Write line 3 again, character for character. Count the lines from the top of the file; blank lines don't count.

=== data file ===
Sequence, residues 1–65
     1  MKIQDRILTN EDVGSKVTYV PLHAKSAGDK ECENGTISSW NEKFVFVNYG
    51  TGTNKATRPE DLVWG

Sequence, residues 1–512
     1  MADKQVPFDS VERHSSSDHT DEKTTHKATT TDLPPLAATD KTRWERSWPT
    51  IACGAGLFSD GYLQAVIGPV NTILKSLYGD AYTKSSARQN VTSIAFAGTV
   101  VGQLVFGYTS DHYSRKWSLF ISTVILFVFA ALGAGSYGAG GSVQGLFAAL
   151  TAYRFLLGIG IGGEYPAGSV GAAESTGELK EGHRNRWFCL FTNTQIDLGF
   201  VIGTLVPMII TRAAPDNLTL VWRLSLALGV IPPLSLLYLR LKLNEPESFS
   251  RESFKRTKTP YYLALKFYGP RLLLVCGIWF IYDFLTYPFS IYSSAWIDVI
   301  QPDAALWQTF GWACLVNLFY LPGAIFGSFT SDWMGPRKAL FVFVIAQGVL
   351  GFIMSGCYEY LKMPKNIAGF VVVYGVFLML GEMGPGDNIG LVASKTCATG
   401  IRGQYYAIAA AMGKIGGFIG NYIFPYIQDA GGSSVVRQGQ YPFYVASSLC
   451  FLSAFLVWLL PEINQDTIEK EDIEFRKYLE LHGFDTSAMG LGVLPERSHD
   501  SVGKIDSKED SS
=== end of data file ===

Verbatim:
    51  TGTNKATRPE DLVWG